The Girl The Sea Gave Back by Adrienne Young

I would like to thank Sarah from Titan for an advance copy of this novel in exchange for a fair and honest review

Publisher – Titan

Published – Out Now

Price - £8.99

For as long as she can remember, Tova has lived among the Svell the people who found her washed ashore as a child and use her for her gift as a Truthtongue. Her own home and clan are long-faded memories, but the sacred symbols and staves inked over every inch of her skin mark her as one who can cast the rune stones and see into the future. She has found a fragile place amongst those who fear her, but when two clans to the east bury their age-old blood feud and join together as one, her world is dangerously close to collapse.

For the first time in generations, the leaders of the Svell are divided. Should they maintain peace or go to war with the allied clans to protect their newfound power? And when their chieftain looks to Tova to cast the stones, she sets into motion a series of events that will not only change the landscape of the mainland forever but will give her something she believed she could never have again – a home.

As all fantasy fans know prophecy and fate are always a little bit dodgy.  Be you a Dark Lord, Nazgul or Grand Vizier the legends will never go the way you think. For Vikings the runes were seen as the guide to the fates and Adrienne Young returns to her world inspired by Norse life to give us a more magical tale of betrayal and finding where you fit in.

In her first novel in this sequence which I reviewed very positive (Sky In The Deep ) saw the tale of two Viking settlements that at the moment of their destruction decided to work together; cast aside the generations of bad blood between them and eke out a victory against a mysterious force from the sea.  Now several years later we see the next instalment in the saga. The Nadhir (the new name for the joined tribes) are slowly rebuilding but are still weak in numbers.  The Svell are a nearby tribe that start to fear this potential new threat on their borders and there is debate whether war or peace is the best option. The Svell leader Bekan and his brother Vigdis are working at odds against each other but Bekan respects his mysterious TruthTongue Tova a mysterious arrival to their land as a young child.  She alone can use rune stones to tell the future and her answer to this question requires action – but no one will be the same again. Meanwhile in the Nadhir we see Halvard who we last met as a young boy now about to become a man is en route to meet the Svell for talks – nothing however will stay the same again.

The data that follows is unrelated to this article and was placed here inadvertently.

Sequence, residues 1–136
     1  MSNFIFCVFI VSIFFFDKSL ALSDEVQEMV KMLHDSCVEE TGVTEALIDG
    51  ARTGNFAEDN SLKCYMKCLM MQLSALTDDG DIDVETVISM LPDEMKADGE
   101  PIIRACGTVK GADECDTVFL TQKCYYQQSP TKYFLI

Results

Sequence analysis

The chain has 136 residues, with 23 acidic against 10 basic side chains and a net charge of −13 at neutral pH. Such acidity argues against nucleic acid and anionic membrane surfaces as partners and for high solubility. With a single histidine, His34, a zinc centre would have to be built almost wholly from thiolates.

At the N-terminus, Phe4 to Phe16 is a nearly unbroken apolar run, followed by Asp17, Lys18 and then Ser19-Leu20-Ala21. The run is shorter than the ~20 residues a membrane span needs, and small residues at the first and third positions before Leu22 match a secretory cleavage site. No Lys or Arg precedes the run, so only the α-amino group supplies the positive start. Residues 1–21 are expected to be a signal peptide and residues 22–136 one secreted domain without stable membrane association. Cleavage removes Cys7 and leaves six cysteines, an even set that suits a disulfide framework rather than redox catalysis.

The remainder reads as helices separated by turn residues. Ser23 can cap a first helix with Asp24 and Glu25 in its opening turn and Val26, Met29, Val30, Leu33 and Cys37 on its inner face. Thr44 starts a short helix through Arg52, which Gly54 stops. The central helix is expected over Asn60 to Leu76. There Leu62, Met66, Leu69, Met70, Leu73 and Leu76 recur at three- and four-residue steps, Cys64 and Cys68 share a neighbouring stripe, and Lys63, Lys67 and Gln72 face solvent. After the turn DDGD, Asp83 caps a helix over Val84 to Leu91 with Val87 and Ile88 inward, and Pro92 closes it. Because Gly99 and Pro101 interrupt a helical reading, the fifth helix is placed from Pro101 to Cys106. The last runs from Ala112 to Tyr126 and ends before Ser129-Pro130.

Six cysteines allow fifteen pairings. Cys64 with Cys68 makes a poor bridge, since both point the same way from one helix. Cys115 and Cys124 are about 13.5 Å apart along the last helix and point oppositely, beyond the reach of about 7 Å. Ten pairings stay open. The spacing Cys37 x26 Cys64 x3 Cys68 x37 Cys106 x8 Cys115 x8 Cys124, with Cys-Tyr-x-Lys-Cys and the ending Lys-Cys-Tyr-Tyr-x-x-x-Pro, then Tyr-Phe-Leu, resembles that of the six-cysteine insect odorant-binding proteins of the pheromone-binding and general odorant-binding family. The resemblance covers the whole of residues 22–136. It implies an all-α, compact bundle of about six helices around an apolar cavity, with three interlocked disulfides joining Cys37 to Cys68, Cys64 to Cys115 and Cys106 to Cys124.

Young proves as always that they are going to deliver a really well written tale.  She can build scenes of magic, love and battle very competently and you do feel like you’re in a very different world to our own. Unlike Sky in the Deep we have a greater use of magic and the Norse-style mythology than we have seen before. Here the concept of the Spinners (effectively the Fates) who are pulling together the threads of the Svell and Nadhir’s destinies.  If Sky in the Deep was more the novel or the warriors this is the novel for the mystics and here we have the mystery of Tova who can link with the Spinners and seems central to the conflict about to erupt as well as the mysterious Kyrr clan that lurks in the icier realms and seem ambivalent about entering this conflict.  You do get the sense reading this this tale is part of a wider mythology and that is really appealing.

However unfortunately while I loved the writing and the premise of the novel, I could not really settle into the story. I suspect a lot of this was that the things I loved most about its predecessor seemed to be missing. This novel is more set in a very short period with a number of flashbacks into Halvard and Tova’s past; but the story never really takes off for me.  Tova is a more vaguer lead figure as she doesn’t know much of who she is, and it becomes clear the Svell are not her best guardians.  Unlike the earlier tale it was not giving us a feel for this Svell as more than the bad guys. There isn’t really a moral conflict for the characters and while if this had been evident then the story would have mirrored the first too much this lack ed the complexity of the earlier novel. It felt overall more like a future set up for a bigger tale – and this was evident in what seems a very fast conclusion.  It feels an interim step very much in the larger tale so I’m hoping that the next instalment is able to use this step to really leap forward.

For those yet to read Sky I think this would be a good entry point for new readers just to introduce you to Young’s very accomplished writing style and this world is interesting, but I do feel this is lacking the same level of energy and complexity.  But I will still be on the lookout for future novels as I think Young is a writer to watch.